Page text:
Common Core workshop gives Nevada County teachers breakdown on reading, writing standards | TheUnion.com
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Common Core workshop gives Nevada County teachers breakdown on reading, writing standards

Kathleen Kiefer, Director of Curriculum, Instruction and Accountability , talks during Thursday’s Common Core Workshop for Nevada County teachers at the Nevada County Superintendent of Schools office annex..
John Hart/jhart@theunion.com | The Union

The Nevada County Superintendent of Schools held a Common Core State Standards workshop Wednesday, focused on giving teachers a better understanding of how to implement the English and language arts standards for students K-12, also known as ELA standards.

“The thing I love about Common Core is this idea of consistency,” Common Core coach and Bear River High School teacher Steve Hansen said. “When we say we need you to write a summary, it’s not ‘Is that a summary in Mr. Hansen’s class? Is that a summary in Mr. Jones’ class?;’ they should be doing that in all of their classes and that’s what we’re shooting for, and I’m pretty excited about it. ”

Held at the Superintendent of Schools annex building, the workshop was attended by more than 20 teachers from around the county who teach various subjects, such as English, science and math.



“We’re very excited that teachers that do not teach English came to the language arts workshop today because that’s a part of the Common Core standards, incorporating the different subjects together,” said Kathleen Kiefer, the Superintendent of Schools director of Curriculum, Instruction and Accountability.

“There are some naysayers out there saying we’re asking them to do this and it’s too hard. But I think they can do that, and when they finish high school accomplishing these standards, they will be ready for their next steps in life, wherever that may be.”
Steve Hansen
Common Core coach and Bear River High School teacher

“It fosters collaboration between teachers of different subjects and different schools.”




Facilitated by three teachers from different districts in the county, the workshop gave attendees an opportunity to explore Common Core ELA standards through a Post-it chart that allowed teachers to address broad and detailed questions.

“Common Core asks for a lot more reading and a depth of reading,” Hansen said. “If you want them to read ‘To Kill a Mockingbird,’ they might want to read ‘Hunger Games’ or something that they want to read. If we get them to read books that they want to read, they may be more excited to read books that we want them to read.”

As one of 20 different Common Core workshops held by the county in the last four months, Shar Johns, Superintendent of Schools Associate Superintendent of Educational Services, said the goals of Wednesday’s workshop were to help the teachers understand the specifics of the ELA standards and how they can work in the classroom.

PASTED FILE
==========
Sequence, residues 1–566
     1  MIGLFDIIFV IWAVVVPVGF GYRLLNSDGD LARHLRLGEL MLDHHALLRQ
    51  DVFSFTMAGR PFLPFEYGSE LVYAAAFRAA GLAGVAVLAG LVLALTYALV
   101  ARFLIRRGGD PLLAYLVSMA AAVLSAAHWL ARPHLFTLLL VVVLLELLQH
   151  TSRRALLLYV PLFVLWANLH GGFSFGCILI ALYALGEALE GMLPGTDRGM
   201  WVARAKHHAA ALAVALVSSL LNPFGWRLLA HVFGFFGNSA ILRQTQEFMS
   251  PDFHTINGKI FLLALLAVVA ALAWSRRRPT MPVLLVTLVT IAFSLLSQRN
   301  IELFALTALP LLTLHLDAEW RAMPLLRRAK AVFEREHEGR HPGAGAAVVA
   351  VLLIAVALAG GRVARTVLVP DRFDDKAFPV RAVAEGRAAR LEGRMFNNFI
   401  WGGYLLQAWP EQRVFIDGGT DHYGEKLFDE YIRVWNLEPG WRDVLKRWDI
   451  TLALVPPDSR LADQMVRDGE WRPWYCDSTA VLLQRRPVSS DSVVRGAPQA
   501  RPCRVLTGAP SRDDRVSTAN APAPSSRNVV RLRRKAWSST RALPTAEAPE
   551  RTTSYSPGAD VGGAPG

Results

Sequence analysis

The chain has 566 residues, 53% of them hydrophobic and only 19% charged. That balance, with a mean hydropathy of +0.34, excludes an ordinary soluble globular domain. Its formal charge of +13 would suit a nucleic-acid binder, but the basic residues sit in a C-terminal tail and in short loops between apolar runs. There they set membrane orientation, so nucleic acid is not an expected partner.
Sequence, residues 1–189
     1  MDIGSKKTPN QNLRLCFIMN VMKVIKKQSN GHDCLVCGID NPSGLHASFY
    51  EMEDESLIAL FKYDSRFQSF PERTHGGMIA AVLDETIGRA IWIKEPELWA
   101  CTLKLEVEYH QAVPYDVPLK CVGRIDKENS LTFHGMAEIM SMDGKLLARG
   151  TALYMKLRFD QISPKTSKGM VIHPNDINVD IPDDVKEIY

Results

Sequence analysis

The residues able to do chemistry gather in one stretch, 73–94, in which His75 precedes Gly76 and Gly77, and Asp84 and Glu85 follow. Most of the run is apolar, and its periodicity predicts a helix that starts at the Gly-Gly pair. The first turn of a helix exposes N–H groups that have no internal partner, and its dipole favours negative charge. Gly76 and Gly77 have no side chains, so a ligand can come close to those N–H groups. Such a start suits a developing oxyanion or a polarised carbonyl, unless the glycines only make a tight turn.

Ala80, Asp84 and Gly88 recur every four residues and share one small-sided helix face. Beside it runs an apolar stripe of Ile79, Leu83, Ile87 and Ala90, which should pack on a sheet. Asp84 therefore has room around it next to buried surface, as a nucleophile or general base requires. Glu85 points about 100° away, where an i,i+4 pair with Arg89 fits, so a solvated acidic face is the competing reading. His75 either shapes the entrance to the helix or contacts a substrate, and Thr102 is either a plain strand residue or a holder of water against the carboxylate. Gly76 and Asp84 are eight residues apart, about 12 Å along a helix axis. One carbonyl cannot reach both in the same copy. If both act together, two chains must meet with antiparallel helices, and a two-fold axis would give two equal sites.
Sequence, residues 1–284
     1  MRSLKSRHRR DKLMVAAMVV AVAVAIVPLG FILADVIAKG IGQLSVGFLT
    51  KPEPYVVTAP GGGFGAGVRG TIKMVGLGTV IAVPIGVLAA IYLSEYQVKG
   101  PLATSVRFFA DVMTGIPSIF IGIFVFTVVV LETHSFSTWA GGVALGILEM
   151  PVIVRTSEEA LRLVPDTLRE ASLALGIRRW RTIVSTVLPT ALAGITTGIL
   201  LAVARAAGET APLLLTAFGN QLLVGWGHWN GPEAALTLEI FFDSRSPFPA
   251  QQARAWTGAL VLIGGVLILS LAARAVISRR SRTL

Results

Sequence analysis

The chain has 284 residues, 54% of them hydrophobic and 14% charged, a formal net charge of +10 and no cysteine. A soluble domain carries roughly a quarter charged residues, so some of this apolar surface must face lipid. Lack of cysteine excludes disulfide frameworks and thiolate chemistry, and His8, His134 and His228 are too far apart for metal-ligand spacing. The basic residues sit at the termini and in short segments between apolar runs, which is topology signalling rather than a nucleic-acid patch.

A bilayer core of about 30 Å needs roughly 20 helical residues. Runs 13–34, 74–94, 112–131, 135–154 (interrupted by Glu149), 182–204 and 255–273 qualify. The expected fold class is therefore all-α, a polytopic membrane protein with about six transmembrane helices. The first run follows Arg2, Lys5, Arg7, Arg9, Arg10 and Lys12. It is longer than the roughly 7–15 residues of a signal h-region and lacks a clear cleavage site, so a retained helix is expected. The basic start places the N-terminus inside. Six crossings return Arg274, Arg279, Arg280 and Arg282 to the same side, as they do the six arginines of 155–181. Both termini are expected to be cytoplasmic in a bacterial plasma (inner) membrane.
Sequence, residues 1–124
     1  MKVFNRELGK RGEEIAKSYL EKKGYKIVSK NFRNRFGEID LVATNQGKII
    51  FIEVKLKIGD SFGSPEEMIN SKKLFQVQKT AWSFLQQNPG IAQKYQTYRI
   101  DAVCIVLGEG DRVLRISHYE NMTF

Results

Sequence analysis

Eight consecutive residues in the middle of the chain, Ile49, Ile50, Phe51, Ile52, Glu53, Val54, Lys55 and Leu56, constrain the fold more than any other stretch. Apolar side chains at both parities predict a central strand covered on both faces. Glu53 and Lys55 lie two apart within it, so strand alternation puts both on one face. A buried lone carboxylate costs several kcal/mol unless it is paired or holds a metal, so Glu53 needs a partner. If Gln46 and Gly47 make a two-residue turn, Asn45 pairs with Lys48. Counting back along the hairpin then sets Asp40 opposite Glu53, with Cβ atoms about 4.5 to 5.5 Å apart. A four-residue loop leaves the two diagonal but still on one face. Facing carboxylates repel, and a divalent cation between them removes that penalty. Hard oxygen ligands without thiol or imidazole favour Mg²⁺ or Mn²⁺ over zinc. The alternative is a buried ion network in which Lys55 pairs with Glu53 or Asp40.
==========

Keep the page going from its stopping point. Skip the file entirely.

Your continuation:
“What teachers want most from a training is to be able to take something back to their students,” Johns said. “And that’s what these workshops are doing, giving teachers around the county tangible tools to use in their teaching.”

Deer Creek Elementary School teacher and Common Core coach Andrea Marks gave the group of teachers a presentation on the broader aspects of the ELA standards, focusing on the technical terms and Common Core jargon that will be used by teachers from more than 40 states across the nation.

“Writing should be across all content areas, so all teachers from all subjects must include in their content opinion writing, persuasive argument writing, informative, explanatory and narrative writing,” Marks said.

Pleasant Ridge Union School District teacher and Common Core coach Stacey Welch added, “For example, in kindergarten they can write an opinion like ‘I like apples,’ but it gets added onto every grade. In the first grade, it would then be not just that they like it, but eliciting the reasons why they like that apple.”

In order to further understand the progression a student should make from one grade to the next through the new Common Core standards, the teachers broke up into groups and wrote down the differences and similarities the standards expect for each grade level.

The group was able to then visually see the progression of standards a kindergarten student would have from the base grades, to what a senior in high school should have to be college- and career-ready.

“There is some new stuff here, but a lot of it overlaps with what we already do, and what we all consider as good teaching,” Hansen said.

“There are some naysayers out there saying we’re asking them to do this and it’s too hard. But I think they can do that, and when they finish high school accomplishing these standards, they will be ready for their next steps in life, wherever that may be.”

To contact Staff Writer Ivan Natividad, email inatividad@theunion.com or call 530-477-4236.


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